Early application was made to Gov. George CLINTON, for land by James PARKER and his associates, and they were invited by the Governor to attend the land sales in Albany, and make such purchases as they wished. They did so, and secured 14,040 acres, afterwards called the Potter Location, lying on the west bank of Seneca Lake, bounded on the north by Reed and Ryckman’s location, west by Lansing’s location and other lands already granted, and extending south far enough to include the number of acres before specified. This deed was signed by George CLINTON, the Executive of the State, and the grantees were James PARKER, William POTTER and Thomas HATHAWAY, as Tenants in Common, and not as Joint Tenants, for themselves and their associates, with no consideration expressed except the requirement that there shall within seven years, be one family located on each 640 acres of the land. This deed was dated October 10, 1792. It would seem, that while waiting on the operations of the Lessee Company, some lands occupied by the Society, had been located by others.
At what precise time the New Pre-emption Line was run, has not come to the knowledge of the writer, but probably as early as 1793. That line run through the Friend’s settlement more than a mile eastward of the Old Line, and the space between fell into the possession of Charles WILLIAMSON, then acting agent for the London Association, who had become successors, through Robert MORRIS, of Phelps and Gorham. Thus the State grants west of the New Pre-emption Line, became void, and the settles were obliged to look elsewhere for their source of title. The following letter shows that those residing on the Gore, or space included between the two Pre-emptions Lines, had become satisfied that the were on Phelps and Gorham’s Purchase.
Jerusalem,13th of the 1st Month 1794
Friend WILLIAMSON: - We take this opportunity to let thee know our wishes, who are not on thy land at the Friend’s Settlement in Jerusalem, in the county of Ontario, and in the State of New York. We, the subscribers, wish to take deeds from Friend WILLIAMSON for the land our improvements is on, rather than any other person. Our desire is, that thee would not dispose of the land to any other person but to use who are on the land.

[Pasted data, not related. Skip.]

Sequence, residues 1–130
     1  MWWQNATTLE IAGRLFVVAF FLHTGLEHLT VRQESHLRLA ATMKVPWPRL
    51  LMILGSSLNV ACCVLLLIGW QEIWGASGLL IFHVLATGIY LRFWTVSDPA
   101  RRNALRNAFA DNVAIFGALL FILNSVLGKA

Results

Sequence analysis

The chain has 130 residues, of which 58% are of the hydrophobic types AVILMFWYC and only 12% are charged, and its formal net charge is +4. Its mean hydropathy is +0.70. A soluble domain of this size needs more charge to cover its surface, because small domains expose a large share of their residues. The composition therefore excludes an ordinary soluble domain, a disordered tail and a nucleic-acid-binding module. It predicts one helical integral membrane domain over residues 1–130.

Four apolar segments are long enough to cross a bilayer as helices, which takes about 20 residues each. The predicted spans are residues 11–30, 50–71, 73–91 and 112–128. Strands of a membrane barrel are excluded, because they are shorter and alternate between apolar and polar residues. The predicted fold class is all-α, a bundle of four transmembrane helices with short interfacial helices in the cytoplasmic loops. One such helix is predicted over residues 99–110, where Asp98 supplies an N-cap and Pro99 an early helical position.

Benajah BOTSFORD Asahel STONE
Eleazer INGRAHAM Samuel DOOLITTLE
Solomon INGRAHAM John DAVIS
Richard SMITH Benedict ROBINSON
Abel BOTSFORD Philo INGRAHAM
Enoch MALIN Samuel PARSONS
William DAVIS Jonathan DAVIS
John BRIGGS Elijah MAILN
Elnathan BOTSFORD Thomas HATHAWAY
Daniel INGRAHAM Mercy ALDRICH
Richard MATHEWS Elisha INGRAHAM
Elnathan BOTSFORD Jr.
Other letters from Benedict ROBINSON and others of the Friends are of similar import. James PARKER says to Mr. WILLIAMSON, “It is my desire to settle the several branches of my family near me; for that reason we began where we now are, with the intention to buy of the right owner when I could see him. The 1,000 acres may seem too much for one man, but when it is divided between myself and son, and three sons in law, it, I think will not be deemed extravagant; especially considering I know not how soon I may have two more sons in law. A man like myself, who was one of the first settlers, and began our settlement, which would have been elsewhere had it not been for me; and also encouraged many emigrants into this country, may claim to be indulged in having the several braches of his family settled near him.
Satisfactory arrangements were made with Mir. WILLIAMSON, who was a man of remarkable fairness and liberality in his dealing with all the settlers, and their titles were confirmed as they desired. The space known as the Little Gore, lying in a triangular form between the New Pre-emption Line and Walker and Lansing’s locations, was released to Mr. WILLIAMSON in 1797, by Arnold POTTER and Eliphalet NORRIS. It was stated in the deed to contain 1,147 acres of land and the consideration of $6,308.50 is also expressed. Why this release was necessary, after the New Pre-emption Line was established, is not understood by the writer.
Before the Universal Friends left New England, they had, according to their means, contributed and pledged themselves to contribute to a joint fund of the purchase of land, in which each contributor was to share in proportion to his or her investment, the land to be valued at prime cost. The land purchased of the State was entered upon by the Society in common. It was early surveyed into lots, and the members of the Society took up locations, some larger and some smaller, according to their ability, confidently expecting to be secured in their several titles, by a faithful execution of the original compact, in pursuance of which the deed from the Land Office of the State had been granted. They were however, to undergo a painful experience. Where unity of interest and action should have prevailed, there was to be severance of interests and bitter discord.